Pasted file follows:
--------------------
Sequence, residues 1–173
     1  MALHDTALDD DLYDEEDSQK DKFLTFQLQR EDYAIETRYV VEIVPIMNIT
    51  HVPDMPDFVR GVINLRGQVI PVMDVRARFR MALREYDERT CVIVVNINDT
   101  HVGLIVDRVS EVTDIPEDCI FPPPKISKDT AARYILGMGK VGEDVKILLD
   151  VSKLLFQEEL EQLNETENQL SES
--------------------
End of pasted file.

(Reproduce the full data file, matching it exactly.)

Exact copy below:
Sequence, residues 1–173
     1  MALHDTALDD DLYDEEDSQK DKFLTFQLQR EDYAIETRYV VEIVPIMNIT
    51  HVPDMPDFVR GVINLRGQVI PVMDVRARFR MALREYDERT CVIVVNINDT
   101  HVGLIVDRVS EVTDIPEDCI FPPPKISKDT AARYILGMGK VGEDVKILLD
   151  VSKLLFQEEL EQLNETENQL SES